A user searching from a 1366x768px laptop will see fewer results on their screen than another user who performs the same search from a 1920x1080px desktop device.
More than the device screen size, the screen resolution will also impact how much from a search results page a user will see on the screen without having to scroll.
Hence it would be nearly impossible to make a 100% precise prediction of what each user sees above the fold on a search results page.
In Advanced Web Ranking, we take the most popular screen sizes as a reference for both desktop and mobile SERPs and mark the fold line accordingly.
We then use color-coding to set apart the above the fold search listings from those that fall under the fold line.
Since Pixel Position has an extensive range of values, from somewhere around 100px and up to 15000px, it is not a comfortable metric for analysis of large keyword sets. It would get really cumbersome if you needed to remember the Pixel Position across a few dozen terms.
That’s why we came up with Visibility Distribution.
Visibility Distribution helps you aggregate the information you would otherwise get from the Pixel Position metric.
Visibility Distribution is calculated as a percentage and shows how close your listing is from the top of the SERP. The higher your listing is on the search results page, the closer Visibility Distribution will get to 100%.
Visibility Distribution vs. the other Visibility metrics
Having yet another visibility metric for your reporting may seem a bit confusing at first, so let me lay out the differences between these metrics and see how they can work together to provide you with more information on your search performance.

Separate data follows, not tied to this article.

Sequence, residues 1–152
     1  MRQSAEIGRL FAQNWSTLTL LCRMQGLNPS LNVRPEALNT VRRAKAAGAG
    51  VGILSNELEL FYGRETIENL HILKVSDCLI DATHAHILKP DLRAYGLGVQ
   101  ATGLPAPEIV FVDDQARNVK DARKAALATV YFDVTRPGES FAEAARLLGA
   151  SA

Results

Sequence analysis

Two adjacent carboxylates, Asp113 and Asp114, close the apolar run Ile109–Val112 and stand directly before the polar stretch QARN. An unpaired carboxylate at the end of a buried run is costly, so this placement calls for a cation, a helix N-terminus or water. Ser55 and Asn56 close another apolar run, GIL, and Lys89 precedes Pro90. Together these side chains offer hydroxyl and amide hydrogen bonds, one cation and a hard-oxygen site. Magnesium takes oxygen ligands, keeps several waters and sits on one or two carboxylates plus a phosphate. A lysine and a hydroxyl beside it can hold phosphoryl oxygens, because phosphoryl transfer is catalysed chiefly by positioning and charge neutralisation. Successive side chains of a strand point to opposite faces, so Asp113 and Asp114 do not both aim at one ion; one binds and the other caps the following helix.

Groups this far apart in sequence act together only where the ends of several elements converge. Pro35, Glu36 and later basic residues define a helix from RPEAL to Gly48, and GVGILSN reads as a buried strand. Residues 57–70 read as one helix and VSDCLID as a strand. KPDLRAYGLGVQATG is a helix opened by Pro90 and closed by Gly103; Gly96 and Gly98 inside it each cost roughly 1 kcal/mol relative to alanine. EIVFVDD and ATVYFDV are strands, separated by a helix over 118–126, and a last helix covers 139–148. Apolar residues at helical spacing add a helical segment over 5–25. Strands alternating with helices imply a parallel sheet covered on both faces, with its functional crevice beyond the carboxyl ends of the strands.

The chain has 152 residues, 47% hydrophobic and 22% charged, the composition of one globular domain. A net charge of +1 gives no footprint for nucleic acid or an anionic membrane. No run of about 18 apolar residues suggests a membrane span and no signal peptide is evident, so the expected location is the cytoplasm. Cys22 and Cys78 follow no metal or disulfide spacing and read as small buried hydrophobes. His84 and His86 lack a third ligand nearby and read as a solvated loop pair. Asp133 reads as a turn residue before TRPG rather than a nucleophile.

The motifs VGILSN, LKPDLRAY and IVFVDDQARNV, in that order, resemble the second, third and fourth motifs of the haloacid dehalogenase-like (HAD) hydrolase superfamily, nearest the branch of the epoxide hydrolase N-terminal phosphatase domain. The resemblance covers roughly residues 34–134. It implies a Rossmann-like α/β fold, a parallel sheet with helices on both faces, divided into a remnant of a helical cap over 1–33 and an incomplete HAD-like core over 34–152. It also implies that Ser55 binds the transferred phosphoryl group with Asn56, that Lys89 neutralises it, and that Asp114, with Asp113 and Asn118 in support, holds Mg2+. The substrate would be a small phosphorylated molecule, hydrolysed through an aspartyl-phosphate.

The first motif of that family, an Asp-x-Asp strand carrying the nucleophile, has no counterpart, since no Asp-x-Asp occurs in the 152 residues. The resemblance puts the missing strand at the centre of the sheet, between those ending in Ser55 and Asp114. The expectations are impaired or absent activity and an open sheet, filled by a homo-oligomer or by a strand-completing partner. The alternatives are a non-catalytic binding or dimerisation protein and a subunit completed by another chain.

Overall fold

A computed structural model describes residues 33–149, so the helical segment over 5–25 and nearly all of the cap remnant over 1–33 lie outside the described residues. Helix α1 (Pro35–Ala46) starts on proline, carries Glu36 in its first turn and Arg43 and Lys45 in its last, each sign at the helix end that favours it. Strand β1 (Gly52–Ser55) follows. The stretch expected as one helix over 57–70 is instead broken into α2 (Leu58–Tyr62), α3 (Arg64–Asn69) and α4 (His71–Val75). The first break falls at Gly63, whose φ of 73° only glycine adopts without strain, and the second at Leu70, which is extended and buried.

Let’s take another example to see both metrics in action.
First, I’ll head over to the Visibility menu, where I can see both metrics side by side, calculated for my keyword selection.
Next up, I’ll apply a filter on the report data to narrow down the keyword set just to those keywords ranked in Top 10. This way, I get the Visibility % to be calculated for the top 10 positions, just as Visibility Distribution is.
If I wish to compare these metrics, I need to make sure that both visibility metrics are calculated for the same keyword set so that I’m not comparing apples to oranges.
And I see that my Visibility Percent for the top 10 keywords is 92.78%, while my Visibility Distribution is merely 35.76%.
This tells me that while my rankings are in general very high (92.78%), my listings are not placed that high up the search results page as I would expect them to be (only 35.76% Visibility Distribution).
Moving forward to the Keyword Ranking report, which contains all the data columns that I need at this point – Ranking Position, Features on SERP, and Visibility Distribution – I can scan through the keywords and see how my low Visibility Distribution corresponds to either a lower position in results or to some voluminous SERP features included before my listings in SERPs.
Explore Pixel Position and Visibility Distribution with your keyword data
If you’re an Advanced Web Ranking user, you already have Pixel Position and Visibility Distribution data available into your account, so head over to your AWR projects to start analysing your pixel rankings.
And if you haven’t tried AWR yet, this is a great opportunity to take a free 30 day trial with us and check out the new ranking metrics.
Give these a go!